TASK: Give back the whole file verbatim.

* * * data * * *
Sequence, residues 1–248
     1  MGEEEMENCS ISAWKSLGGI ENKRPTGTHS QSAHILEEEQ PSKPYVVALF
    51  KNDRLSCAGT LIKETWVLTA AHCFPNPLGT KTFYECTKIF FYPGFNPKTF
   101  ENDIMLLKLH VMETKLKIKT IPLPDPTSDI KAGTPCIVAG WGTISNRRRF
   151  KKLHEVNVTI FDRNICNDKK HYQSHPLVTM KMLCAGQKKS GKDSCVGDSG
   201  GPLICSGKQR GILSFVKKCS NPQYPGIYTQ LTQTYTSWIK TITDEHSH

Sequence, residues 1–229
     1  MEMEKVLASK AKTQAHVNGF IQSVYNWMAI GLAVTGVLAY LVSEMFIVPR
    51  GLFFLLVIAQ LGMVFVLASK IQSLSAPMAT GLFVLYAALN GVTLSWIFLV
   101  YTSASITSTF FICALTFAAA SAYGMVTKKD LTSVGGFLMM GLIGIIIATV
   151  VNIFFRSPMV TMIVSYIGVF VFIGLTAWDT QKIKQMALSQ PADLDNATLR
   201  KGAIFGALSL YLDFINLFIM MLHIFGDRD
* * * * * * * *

Sequence, residues 1–248
     1  MGEEEMENCS ISAWKSLGGI ENKRPTGTHS QSAHILEEEQ PSKPYVVALF
    51  KNDRLSCAGT LIKETWVLTA AHCFPNPLGT KTFYECTKIF FYPGFNPKTF
   101  ENDIMLLKLH VMETKLKIKT IPLPDPTSDI KAGTPCIVAG WGTISNRRRF
   151  KKLHEVNVTI FDRNICNDKK HYQSHPLVTM KMLCAGQKKS GKDSCVGDSG
   201  GPLICSGKQR GILSFVKKCS NPQYPGIYTQ LTQTYTSWIK TITDEHSH

Sequence, residues 1–229
     1  MEMEKVLASK AKTQAHVNGF IQSVYNWMAI GLAVTGVLAY LVSEMFIVPR
    51  GLFFLLVIAQ LGMVFVLASK IQSLSAPMAT GLFVLYAALN GVTLSWIFLV
   101  YTSASITSTF FICALTFAAA SAYGMVTKKD LTSVGGFLMM GLIGIIIATV
   151  VNIFFRSPMV TMIVSYIGVF VFIGLTAWDT QKIKQMALSQ PADLDNATLR
   201  KGAIFGALSL YLDFINLFIM MLHIFGDRD